I wish I were still in Europe. How can that be? Why do I wish I was there? Provo is beautiful, the remarkable green on the mountains from the wet spring, sunny every day, windful and full of sweet scents on the air for those of us blessed with no allergies and a fondness for sandbar willow and globe fallow. Do I think that if I were in Europe, my grandma wouldn't have died? She was 96 years old, and after nearly a century, death is not unexpected. In fact, since my birthday 3 years ago, when she fell and broke her hip, we knew this was coming. She had told us who was and who certainly was not to play the organ at her funeral, divided up all the major peices of furature and the silver, commented on how she was just waiting to die. And still, when she died it was not beautiful. She was alternatively unconscious--they make these little doses of morphine now--or hysterical, throwing tandrums, raving that she wasn't ready to die. What more is there to wait for?

My mom has a theory. There's really nothing to be done, in the long run, for someone in labor. You give her medicine, you hold her hand, you try to make her comfortable, but in the end, it's an indeligatible chore. It's one of those few things that you just go through alone. Death is still scary, even for my grandma, having been on acquaintance with death for so long. That shakes me, because I've always thought that between my worldly admiration of Marcus Aurelius and the Stoics on one hand and my abiding faith in the literal Christian resurrection on the other I would be immune to fear of death. Now it seems, TV series finales notwithstanding. everyone's afraid.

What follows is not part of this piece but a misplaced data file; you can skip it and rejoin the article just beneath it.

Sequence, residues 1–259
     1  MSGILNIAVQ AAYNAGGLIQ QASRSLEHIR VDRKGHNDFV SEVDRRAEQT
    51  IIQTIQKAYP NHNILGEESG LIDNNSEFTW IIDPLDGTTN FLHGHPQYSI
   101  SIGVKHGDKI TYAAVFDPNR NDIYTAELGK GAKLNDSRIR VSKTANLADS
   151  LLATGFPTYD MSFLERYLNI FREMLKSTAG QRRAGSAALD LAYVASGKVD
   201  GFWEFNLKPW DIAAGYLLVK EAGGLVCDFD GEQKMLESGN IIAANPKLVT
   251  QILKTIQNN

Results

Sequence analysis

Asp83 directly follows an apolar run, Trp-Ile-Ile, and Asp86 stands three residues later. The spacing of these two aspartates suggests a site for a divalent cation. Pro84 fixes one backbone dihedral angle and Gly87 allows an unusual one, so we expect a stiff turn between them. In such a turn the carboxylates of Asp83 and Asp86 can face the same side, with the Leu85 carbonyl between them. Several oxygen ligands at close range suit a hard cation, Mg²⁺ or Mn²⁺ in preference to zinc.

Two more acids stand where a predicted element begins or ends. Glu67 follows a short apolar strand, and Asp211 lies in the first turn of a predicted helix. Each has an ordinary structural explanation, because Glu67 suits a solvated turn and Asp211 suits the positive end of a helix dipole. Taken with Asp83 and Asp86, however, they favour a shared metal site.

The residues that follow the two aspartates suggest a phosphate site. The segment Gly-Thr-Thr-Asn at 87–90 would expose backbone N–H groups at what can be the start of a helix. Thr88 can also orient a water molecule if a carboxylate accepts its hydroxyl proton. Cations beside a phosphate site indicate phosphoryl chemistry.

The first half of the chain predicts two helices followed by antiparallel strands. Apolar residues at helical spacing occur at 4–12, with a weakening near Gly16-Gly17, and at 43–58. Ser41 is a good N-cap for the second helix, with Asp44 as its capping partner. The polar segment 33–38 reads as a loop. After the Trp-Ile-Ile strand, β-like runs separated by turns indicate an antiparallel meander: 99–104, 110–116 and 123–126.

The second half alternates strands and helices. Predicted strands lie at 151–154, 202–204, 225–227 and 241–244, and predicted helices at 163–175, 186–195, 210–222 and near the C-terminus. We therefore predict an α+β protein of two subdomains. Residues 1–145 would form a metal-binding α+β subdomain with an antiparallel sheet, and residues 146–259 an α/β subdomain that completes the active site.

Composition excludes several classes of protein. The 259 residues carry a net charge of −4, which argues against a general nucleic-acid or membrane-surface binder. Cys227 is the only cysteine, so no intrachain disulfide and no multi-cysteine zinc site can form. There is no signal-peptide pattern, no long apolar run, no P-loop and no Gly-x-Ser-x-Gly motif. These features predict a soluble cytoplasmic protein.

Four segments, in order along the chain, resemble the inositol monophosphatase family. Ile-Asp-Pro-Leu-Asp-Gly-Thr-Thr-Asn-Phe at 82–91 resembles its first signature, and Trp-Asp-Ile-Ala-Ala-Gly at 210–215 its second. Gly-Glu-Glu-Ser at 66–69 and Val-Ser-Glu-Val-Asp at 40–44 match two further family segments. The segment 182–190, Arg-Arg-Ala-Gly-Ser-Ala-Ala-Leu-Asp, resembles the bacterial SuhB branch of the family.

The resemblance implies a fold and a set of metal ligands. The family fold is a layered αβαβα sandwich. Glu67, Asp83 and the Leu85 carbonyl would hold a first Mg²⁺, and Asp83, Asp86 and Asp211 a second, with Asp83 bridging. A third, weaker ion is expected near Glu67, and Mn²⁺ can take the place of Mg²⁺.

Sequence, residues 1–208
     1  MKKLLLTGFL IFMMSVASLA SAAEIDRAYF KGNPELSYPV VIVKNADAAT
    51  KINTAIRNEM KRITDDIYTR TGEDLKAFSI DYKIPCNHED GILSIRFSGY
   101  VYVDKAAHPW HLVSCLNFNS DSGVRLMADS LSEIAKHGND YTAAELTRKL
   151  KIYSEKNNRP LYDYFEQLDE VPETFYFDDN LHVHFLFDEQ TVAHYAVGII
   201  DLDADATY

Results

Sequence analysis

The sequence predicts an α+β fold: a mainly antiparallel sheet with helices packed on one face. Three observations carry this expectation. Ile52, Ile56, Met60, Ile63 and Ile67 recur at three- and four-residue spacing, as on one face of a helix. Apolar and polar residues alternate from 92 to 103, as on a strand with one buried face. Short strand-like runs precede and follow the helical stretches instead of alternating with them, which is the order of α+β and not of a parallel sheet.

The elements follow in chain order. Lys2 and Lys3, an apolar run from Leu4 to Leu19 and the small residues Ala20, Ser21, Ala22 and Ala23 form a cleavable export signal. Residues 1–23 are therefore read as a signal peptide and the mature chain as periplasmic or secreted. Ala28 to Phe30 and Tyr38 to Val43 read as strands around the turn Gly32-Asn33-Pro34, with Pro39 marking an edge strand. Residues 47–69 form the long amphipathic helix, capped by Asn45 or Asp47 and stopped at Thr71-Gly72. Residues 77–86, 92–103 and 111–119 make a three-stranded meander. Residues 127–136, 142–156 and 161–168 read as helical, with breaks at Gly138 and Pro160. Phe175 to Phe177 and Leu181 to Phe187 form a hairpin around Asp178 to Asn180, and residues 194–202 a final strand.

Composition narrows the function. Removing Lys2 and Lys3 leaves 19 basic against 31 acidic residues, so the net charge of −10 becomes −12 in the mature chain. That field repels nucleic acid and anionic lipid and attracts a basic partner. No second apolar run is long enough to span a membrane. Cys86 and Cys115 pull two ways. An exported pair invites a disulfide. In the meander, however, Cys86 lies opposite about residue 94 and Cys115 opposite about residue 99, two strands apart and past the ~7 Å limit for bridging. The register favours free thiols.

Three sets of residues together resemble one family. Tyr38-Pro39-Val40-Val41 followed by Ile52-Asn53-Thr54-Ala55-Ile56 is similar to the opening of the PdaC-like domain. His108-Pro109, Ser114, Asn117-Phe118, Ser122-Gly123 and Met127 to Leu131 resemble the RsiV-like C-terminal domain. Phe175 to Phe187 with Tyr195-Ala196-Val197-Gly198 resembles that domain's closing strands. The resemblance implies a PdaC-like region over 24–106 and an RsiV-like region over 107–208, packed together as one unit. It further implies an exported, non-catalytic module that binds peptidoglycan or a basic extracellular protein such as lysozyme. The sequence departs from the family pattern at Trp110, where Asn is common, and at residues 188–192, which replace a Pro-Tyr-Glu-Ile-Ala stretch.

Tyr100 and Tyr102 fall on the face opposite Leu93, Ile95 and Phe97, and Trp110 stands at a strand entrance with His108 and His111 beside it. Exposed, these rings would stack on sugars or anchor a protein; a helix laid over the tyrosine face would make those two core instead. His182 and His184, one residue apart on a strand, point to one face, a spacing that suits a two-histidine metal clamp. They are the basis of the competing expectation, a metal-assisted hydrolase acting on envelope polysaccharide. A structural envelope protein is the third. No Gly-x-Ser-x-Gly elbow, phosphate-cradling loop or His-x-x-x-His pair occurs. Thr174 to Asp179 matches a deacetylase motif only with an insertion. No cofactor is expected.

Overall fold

My family's coming out. All of us haven't been together at one time since the informal family reunion of my return from the mission. I'm already thinking about games with my nephew, talking with my sisters. My brother and I rode our bikes to the movie theater, like we were 10 years old again. We had a big Costco cake and Sees chocolates--it's been my dad's birthday, too-- with my mom's siblings. I told them all about my trip to Europe and I've promised them a slide show when they've come back with their children's families for the funeral. The funeral will be Monday at 11:00, but we ought to plan on it taking all day.